Northern Ireland’s Lyric Theatre continues its strong run of diverse performances over the next few weeks, with a wide range of shows, from theater – ‘Fire Below: A War of Words,’ a play about reconciliation (see information below) to song, with concerts by well-known singer, Barbara Dickson, as well as The Three Tenors, to comedy, a tribute by Dan Gordon about long-time Belfast funny man, Frank Carson.
The tensely written ‘Fire Below: A War of Words’ is a companion piece to Owen McCafferty’s 2012 play, ‘Quietly,’ and focuses on the issue of reconciliation after the Northern Ireland Peace Agreement. The play is a co-production between the Lyric Theatre and the Abbey Theatre in association with the Belfast International Arts Festival. Directed by Lyric executive producer Jimmy Fay, the cast includes Ruairi Conaghan, Cara Kelly, Frankie McCafferty and Ali White. Hurry along as today is the last day to enjoy this fine piece of work.
Veteran Scottish singer Barbara Dickson is known by many, with hit songs including ‘I Know Him So Well,’ ‘Answer Me’ and ‘January February,’ fifteen albums in the UK Albums Chart and a two-time Olivier Award-winning actress. She will be accompanied by talented singer-musician Nick Holland.
Irish-born Dominic, Shane, and Derek, collectively known as ‘The Three Tenors,’ perform around 100 concerts each year including major venues throughout Ireland and the UK such as the National Concert Hall, the Cork Opera House, Dublin’s Christ Church Cathedral, Dublin Castle, as well as on television. While their concert at the Lyric is billed as ‘Celtic-flavored,’ it also includes uplifting songs made famous by superstars including Sinatra (My Way), The Dubliners (Wild Rover) and Pavarotti (O Sole Mio/Nessun Dorma).
Before his sad passing, Belfast-born Frank Carson blazed a comedy trail for over fifty years on television and in pubs and clubs nationwide. In 1976 alone, he did forty-one network TV shows. The Lyric’s one-man tribute show, written and performed by Dan Gordon, focuses on Carson’s life, from his Belfast boyhood through his adventures in the army and into the world of showbiz where he entertained both Queen and Pope.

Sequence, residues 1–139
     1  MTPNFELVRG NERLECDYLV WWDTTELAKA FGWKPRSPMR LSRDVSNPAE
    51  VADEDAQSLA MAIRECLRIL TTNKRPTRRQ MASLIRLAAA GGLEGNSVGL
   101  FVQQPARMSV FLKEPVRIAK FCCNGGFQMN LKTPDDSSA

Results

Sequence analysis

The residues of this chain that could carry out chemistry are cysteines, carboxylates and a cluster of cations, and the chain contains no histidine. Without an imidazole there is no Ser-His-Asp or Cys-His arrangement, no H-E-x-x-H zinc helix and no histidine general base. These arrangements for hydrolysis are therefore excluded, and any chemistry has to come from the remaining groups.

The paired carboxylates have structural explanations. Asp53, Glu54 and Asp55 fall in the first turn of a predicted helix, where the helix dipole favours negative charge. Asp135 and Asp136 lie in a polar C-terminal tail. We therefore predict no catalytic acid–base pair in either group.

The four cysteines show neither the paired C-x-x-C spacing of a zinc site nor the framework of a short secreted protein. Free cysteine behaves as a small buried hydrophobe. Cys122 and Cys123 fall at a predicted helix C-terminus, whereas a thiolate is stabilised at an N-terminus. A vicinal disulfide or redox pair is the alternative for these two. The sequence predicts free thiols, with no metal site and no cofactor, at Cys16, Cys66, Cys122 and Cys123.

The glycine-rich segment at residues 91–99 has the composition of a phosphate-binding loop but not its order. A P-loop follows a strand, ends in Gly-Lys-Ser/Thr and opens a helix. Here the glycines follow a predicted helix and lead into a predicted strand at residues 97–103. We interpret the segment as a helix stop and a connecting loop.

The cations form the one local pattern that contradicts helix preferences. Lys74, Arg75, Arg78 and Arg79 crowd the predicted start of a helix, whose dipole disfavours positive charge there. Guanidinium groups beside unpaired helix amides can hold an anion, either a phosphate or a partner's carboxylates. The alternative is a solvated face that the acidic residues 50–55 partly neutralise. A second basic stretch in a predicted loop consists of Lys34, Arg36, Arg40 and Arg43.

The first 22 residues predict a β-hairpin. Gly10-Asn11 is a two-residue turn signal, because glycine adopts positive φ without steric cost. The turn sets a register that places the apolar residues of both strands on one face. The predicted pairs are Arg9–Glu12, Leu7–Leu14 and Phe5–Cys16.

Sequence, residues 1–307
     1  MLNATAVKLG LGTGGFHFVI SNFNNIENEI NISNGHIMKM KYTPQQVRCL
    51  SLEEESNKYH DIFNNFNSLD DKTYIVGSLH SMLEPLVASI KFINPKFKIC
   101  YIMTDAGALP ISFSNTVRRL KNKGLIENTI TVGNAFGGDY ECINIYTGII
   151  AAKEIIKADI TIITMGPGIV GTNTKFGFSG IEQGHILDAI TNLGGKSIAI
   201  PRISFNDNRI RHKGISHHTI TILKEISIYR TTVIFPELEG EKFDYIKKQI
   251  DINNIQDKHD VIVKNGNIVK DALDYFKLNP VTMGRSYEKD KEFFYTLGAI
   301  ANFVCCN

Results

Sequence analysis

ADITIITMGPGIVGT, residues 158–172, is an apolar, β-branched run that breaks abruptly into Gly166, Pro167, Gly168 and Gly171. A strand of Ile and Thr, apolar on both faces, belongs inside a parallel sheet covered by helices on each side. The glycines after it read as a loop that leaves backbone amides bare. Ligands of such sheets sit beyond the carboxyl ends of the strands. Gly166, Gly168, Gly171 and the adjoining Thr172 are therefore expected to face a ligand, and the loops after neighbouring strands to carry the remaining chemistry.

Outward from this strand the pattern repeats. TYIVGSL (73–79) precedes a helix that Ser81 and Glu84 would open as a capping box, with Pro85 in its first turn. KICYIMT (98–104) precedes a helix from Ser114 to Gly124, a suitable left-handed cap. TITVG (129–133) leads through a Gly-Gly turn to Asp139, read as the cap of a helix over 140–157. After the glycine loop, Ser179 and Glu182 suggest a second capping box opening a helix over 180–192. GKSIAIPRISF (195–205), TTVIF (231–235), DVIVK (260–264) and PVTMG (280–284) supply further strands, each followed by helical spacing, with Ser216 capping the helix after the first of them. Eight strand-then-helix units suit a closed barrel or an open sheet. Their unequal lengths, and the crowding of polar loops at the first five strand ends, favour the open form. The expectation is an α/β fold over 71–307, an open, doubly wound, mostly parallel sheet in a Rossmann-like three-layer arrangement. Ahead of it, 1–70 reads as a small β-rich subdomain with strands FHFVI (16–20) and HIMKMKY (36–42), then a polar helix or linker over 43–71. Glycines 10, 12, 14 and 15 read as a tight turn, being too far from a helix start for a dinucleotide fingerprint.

On a recent visit to Belfast, I had the pleasure of seeing ‘The Weir,’ written by Conor McPherson, a co-production between Decadent Theatre Company and the Lyric. Utterly attentive expressions on audience faces around me illustrated the intense level to which they had been captivated by the ghostly atmosphere created by director Andrew Flynn, set designer, Owen McCarthaigh, lighting designer, Ciaran Bagnall, and sound designer, Carl Kennedy, as well, of course, the fine acting abilities of the five-member cast, Marty Maguire, Patrick Ryan, Frankie McCafferty, Garrett Keogh and Kerri Quinn.
‘The Weir’s is one of those rare plays in which nothing ‘happens’ but such is the quality and intrigue of the dialogue one half expects ‘something’ to happen suddenly out of nowhere. In other words, the magic is in the way the words paint pictures and set off various trains of thought in the listener/viewer, without the need for dramatic action. The fact that cold winds blew hither and thither outside the theater only added to the suspenseful nature of the play and the mood inside the rural Irish pub setting.